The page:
Project Description: The purpose of the supplement was to purchase a new tabletop ultracentrifuge. The centrifuge we proposed to purchase was Optima MAX-XP Tabletop Ultracentrifuge from Beckman Coulter Inc. This decision was made after a careful comparison of the specifications, performance and cost of ultracentrifuges from US companies. The reason to choose Optima MAX-XP is because it combines the centrifuging force, sample capacity, ease of operation and cost effectiveness to achieve the optimal performance that fits perfectly to our needs. The purchase has been completed and the equipment has arrived at my lab. A technician from Beckman will come to our lab on September 30, 2009, to install the instrument and to train the lab users. Conclusion: the project is being completed exactly as proposed

Jobs Summary: As an educational institution, jobs created or retained fall into broad categories of faculty salaries, administrative salaries, managerial professional salaries and clerical or technical salaries. They may also include some academic salaries for student workers. Salaries are used in support of research or other sponsored projects being performed at UNL. Faculty post-docs and graduate students are the primary recipients of salary dollars; however, some managerial or professional, clerical and technical or students may benefit as well. Faculty personnel usually include the titles professor, assistant professor, associate professor, instructor, assistant instructor and post-doctoral assistant. Administrative and clerical salaries are charged if they meet the criteria detailed in OMB Circular A-21. Keeping post-docs, graduate students and undergraduate students employed has an additional impact of allowing them to pursue additional education, preparing them for future employment. As a broader impact, results of some projects may result in additional jobs in the public sector as technology is expanded to that market. For this project and quarter, full-time equivalent positions were created and/or retained either by UNL or by sub-awards made from this grant, if applicable. Calculations were made in accordance with the Office of Management and Budget Memorandum M-09-21 and subsequent guidance as provided by the OMB. (Total jobs reported: 0)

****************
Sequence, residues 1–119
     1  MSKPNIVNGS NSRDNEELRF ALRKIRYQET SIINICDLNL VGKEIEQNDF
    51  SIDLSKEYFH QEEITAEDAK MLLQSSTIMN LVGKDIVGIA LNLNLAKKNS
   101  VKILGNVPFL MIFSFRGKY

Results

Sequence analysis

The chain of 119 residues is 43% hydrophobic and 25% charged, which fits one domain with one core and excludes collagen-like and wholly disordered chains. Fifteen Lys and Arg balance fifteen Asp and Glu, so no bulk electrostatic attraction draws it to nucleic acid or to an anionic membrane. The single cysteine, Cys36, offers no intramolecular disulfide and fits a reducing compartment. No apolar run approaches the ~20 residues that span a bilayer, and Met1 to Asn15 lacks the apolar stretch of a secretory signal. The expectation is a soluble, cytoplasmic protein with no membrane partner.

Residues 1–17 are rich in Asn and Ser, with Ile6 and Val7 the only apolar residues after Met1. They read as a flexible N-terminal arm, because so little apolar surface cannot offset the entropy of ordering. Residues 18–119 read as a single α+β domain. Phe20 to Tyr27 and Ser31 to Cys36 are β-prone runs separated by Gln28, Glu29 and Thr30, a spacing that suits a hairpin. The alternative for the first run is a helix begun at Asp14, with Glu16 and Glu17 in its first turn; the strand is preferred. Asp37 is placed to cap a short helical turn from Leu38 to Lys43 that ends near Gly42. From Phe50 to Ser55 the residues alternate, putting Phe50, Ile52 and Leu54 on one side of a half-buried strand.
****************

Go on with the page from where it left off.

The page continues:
Project Status: Less Than 50% Completed

This award's data was last updated on Jul. 22, 2009. Help expand these official descriptions using the wiki below.


Funds Recipient

UNIVERSITY OF NEBRASKA
LINCOLN, NE 68588
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Place of Performance

312 N 14th Street
Lincoln, NE 68588